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ERIC Number: ED462536
Record Type: Non-Journal
Publication Date: 2001
Pages: 18
Abstractor: N/A
Reference Count: N/A
Workers' Knowledge: An Untapped Resource in the Labour Movement. NALL Working Paper.
Livingstone, D. W.; Roth, Reuben
A study analyzed the schooling, further adult course participation, and informal learning of organized and unorganized workers in different occupational classes across Canada. Data were obtained from the first Canadian national survey of 1,562 adults' informal learning practices, conducted in 1998, and field notes and interview transcripts drawn from participants in the auto plant case study of the Working Class Learning Strategies project conducted at five union locals in southern Ontario in 1995-2000. The study found that unionized and non-unionized industrial and service workers in Canada are increasingly highly educated, increasingly participating in adult education courses and devoting substantial amounts of their time to informal learning activities outside organized education and training programs. In addition, the study found that working people are generally engaged collectively and individually in an extensive array of employment-related and other informal learning activities that are neither fully recognized by most employers or union leaders nor given prior learning credit by educational institutions. The study concluded that underestimation of the current range and depth of workers' knowledge and skills by union leaders represents a significant barrier to further growth of the labor movement. Recommendations for strategies to facilitate union growth are suggested, based on what has worked most effectively in these locals of differing general organizational strength and demographic profiles. (KC)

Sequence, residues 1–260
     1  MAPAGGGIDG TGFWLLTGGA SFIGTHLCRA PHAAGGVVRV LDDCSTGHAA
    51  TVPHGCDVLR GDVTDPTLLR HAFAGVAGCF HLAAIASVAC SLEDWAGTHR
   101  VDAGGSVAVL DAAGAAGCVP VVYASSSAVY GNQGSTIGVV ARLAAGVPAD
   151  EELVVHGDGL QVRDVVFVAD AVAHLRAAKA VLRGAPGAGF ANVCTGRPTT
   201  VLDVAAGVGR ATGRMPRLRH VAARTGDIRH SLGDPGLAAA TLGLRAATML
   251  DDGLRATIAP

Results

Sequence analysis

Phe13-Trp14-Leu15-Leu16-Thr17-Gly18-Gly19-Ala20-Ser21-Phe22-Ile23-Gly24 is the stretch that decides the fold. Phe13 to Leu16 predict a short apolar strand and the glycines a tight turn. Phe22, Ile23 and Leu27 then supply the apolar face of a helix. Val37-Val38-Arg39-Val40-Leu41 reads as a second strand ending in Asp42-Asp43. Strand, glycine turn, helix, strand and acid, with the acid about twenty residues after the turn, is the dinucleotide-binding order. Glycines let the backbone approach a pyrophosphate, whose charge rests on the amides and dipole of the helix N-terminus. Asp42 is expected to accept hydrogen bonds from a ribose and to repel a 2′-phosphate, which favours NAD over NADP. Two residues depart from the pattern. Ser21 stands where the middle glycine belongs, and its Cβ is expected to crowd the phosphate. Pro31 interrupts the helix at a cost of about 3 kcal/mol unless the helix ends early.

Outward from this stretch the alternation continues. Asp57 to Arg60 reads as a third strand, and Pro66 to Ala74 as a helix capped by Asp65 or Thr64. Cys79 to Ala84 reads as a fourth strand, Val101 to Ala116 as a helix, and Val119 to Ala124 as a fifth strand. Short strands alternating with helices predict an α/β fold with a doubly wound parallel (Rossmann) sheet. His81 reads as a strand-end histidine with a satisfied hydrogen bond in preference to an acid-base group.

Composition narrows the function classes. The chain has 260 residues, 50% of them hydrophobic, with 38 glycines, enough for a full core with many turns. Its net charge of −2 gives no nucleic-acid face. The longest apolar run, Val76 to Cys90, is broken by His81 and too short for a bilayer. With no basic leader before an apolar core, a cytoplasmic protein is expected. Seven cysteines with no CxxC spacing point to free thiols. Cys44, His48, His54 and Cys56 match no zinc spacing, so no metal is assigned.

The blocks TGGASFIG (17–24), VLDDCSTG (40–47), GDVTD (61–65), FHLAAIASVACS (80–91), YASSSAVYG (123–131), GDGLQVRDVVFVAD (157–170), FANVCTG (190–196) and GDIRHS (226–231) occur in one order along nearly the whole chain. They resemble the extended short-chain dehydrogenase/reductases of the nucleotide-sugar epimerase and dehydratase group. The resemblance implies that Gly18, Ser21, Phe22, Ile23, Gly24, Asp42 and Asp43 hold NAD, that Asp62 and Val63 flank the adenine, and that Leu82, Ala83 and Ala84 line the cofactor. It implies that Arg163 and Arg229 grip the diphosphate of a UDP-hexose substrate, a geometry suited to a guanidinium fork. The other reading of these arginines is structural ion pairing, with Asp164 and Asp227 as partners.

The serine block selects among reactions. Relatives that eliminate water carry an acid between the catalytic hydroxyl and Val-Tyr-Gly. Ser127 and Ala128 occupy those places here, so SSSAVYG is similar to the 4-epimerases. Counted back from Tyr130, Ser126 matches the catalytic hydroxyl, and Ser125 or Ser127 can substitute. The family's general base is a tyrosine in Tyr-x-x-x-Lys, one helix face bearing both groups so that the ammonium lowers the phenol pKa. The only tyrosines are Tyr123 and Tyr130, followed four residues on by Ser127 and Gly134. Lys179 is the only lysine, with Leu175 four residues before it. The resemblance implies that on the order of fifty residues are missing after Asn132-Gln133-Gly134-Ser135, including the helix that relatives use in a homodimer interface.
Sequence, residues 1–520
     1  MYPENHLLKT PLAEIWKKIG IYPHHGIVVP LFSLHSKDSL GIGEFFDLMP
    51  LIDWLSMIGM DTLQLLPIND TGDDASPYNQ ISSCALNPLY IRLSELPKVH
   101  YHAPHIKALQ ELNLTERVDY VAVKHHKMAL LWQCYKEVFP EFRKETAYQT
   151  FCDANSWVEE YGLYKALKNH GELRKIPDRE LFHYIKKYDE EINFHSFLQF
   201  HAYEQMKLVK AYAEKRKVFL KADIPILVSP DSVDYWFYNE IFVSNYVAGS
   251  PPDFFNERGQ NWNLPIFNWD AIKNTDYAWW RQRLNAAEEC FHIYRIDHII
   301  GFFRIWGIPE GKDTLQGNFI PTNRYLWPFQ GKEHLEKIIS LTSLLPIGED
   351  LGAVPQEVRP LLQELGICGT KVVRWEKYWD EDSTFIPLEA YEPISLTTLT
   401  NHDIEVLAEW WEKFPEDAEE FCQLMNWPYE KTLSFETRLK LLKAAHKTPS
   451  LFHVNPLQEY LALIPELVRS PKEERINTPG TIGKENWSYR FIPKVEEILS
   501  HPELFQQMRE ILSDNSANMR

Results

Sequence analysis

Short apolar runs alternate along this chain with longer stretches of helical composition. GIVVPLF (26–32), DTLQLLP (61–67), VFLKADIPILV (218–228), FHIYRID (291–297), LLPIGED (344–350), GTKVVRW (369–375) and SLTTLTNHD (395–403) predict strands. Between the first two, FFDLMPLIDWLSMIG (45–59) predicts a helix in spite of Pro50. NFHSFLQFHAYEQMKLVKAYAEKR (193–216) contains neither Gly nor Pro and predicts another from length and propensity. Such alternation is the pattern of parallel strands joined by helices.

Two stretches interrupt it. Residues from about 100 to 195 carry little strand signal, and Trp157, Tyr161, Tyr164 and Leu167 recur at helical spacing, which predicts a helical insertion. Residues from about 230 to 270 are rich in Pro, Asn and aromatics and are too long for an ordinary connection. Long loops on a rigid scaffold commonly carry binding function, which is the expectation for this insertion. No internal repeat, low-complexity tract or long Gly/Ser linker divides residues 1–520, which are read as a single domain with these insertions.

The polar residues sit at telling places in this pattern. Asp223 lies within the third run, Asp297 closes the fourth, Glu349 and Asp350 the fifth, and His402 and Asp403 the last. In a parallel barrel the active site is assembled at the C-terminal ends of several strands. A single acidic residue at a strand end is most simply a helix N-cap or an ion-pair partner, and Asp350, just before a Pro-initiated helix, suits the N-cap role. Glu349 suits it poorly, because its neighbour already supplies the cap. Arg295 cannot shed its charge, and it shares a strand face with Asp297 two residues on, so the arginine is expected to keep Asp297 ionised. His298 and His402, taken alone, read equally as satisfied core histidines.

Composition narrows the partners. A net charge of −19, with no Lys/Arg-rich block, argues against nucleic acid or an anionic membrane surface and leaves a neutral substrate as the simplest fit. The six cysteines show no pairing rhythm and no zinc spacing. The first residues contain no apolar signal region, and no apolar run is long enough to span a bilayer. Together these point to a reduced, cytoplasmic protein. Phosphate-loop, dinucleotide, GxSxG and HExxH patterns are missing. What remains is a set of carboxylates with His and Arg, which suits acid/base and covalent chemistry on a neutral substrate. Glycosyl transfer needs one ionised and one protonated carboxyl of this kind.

For full text: m.
Publication Type: Reports - Research; Speeches/Meeting Papers
Education Level: N/A
Audience: N/A
Language: English
Sponsor: Social Sciences and Humanities Research Council of Canada, Ottawa (Ontario).
Authoring Institution: Ontario Inst. for Studies in Education, Toronto. New Approaches to Lifelong Learning.
Identifiers - Location: Canada